Preventing mental health problems in offspring by targeting dietary intake of pregnant women

Adrienne O'Neil, Catherine Itsiopoulos, Helen Skouteris, Rachelle S. Opie, Skye McPhie, Briony Hill, Felice N. Jacka

Research output: Contribution to journalArticleResearchpeer-review

40 Citations (Scopus)


Background: The concept of 'early life programming' considers the importance of very early environmental exposures throughout the gestational period on the subsequent health outcomes of offspring. The role of maternal dietary intake, specifically, has been highlighted after recent studies have shown maternal diet quality to predict mental health problems in offspring. Even in the pre-conception period, maternal nutrition can have permanent and sustained phenotypic consequences for offspring. Discussion: Here, we consider these findings in the context of the primary prevention of mental disorders and argue that interventions that target maternal diet could be of significant value. Summary: It is clear that, in order to reduce the burden of mental health issues across the lifespan, urgent action is required, particularly in the field of prevention. We thus call for the application and evaluation of targeted, primary prevention strategies that focus on dietary intake with the view to improve mental health outcomes of mothers and offspring during the postnatal period and beyond.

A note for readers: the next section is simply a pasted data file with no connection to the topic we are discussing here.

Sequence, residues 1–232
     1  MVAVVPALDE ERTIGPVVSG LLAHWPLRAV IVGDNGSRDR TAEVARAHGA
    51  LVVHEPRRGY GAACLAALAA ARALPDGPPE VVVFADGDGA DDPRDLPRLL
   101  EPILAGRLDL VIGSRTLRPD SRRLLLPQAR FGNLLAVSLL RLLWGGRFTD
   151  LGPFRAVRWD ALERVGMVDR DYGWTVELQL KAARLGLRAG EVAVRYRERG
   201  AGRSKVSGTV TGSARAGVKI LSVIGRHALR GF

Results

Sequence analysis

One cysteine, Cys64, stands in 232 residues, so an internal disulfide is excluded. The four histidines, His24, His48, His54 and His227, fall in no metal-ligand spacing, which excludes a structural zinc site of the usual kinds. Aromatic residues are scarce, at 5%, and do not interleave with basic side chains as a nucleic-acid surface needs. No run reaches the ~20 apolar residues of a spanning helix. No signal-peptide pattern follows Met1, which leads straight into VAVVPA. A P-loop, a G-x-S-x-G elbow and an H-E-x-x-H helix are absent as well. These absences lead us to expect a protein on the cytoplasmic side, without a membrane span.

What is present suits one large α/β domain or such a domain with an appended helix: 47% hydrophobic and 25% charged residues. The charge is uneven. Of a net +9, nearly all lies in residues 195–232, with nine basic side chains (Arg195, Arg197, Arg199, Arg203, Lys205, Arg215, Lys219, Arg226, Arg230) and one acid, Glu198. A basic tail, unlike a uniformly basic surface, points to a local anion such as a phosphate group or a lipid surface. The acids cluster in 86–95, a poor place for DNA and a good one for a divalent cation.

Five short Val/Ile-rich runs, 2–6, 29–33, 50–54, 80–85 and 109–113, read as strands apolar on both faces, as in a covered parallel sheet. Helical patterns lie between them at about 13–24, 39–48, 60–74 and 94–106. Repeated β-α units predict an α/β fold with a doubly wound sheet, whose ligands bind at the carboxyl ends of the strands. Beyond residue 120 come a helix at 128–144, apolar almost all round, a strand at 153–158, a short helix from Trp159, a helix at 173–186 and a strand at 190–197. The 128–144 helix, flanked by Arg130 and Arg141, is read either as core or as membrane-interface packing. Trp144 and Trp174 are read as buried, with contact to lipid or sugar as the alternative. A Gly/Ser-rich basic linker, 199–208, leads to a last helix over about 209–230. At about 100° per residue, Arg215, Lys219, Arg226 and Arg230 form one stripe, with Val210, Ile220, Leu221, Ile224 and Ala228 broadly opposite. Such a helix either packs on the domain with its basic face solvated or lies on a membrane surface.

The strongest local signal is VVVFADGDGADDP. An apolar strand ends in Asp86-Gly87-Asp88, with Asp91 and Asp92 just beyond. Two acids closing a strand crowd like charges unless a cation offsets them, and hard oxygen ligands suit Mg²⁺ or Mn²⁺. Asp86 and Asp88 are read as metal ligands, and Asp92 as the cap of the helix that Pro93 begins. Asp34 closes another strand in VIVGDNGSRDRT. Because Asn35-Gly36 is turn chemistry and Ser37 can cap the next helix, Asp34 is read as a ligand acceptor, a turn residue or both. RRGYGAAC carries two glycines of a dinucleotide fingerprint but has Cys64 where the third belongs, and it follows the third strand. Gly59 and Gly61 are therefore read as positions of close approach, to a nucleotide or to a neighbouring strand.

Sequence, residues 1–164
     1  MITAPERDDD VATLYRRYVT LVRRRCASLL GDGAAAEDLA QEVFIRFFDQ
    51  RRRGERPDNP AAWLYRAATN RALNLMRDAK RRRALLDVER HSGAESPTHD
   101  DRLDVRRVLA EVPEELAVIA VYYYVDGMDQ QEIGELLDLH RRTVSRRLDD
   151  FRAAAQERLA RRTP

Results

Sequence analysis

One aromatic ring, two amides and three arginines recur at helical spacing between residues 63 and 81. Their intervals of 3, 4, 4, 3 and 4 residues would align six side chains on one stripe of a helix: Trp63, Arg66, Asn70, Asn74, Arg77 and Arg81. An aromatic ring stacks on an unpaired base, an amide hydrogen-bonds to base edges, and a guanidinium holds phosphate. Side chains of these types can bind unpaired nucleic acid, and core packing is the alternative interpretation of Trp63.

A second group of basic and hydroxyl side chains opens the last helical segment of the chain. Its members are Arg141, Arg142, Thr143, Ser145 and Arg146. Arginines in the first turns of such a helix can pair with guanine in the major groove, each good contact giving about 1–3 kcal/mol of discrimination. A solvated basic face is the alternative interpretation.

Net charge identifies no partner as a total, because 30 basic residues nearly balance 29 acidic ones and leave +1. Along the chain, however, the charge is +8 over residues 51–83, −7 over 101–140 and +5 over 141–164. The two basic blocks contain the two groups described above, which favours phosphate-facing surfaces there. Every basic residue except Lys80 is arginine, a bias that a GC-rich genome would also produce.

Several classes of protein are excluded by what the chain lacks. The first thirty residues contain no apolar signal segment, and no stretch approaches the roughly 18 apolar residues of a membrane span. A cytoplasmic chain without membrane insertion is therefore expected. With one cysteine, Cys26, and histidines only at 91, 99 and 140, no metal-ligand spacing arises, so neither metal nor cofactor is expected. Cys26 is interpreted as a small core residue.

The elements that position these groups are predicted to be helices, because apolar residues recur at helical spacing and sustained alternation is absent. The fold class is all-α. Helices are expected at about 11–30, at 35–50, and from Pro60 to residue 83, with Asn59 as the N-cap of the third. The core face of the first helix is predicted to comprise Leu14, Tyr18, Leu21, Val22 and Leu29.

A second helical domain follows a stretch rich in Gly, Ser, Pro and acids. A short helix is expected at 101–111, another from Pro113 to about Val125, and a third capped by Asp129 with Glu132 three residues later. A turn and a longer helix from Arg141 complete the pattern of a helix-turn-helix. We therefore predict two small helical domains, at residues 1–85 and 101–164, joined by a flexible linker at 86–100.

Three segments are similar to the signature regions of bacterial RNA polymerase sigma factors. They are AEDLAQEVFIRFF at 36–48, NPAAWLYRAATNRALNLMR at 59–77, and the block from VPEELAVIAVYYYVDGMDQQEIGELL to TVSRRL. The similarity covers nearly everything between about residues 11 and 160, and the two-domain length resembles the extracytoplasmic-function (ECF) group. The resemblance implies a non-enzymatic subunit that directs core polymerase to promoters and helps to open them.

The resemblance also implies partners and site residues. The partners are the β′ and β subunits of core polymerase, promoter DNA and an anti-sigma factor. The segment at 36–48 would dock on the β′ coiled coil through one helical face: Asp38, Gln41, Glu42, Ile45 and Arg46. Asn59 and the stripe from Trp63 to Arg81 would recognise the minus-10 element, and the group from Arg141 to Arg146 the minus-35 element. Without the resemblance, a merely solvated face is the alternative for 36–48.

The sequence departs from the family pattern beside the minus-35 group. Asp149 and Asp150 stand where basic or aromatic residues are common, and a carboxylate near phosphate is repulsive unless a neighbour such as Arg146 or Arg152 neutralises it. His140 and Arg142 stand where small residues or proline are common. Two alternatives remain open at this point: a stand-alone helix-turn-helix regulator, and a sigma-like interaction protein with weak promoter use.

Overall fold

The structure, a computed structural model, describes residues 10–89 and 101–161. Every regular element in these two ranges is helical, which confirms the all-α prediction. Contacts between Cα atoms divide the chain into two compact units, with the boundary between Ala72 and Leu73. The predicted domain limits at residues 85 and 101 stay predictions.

Original languageEnglish
Article number208
Number of pages7
JournalBMC Medicine
Publication statusPublished - 14 Nov 2014
Externally publishedYes


  • Antenatal
  • Anxiety
  • Depression
  • Diet quality
  • Early life programming
  • Maternal diet
  • Offspring
  • Perinatal
  • Pregnancy
  • Prevention

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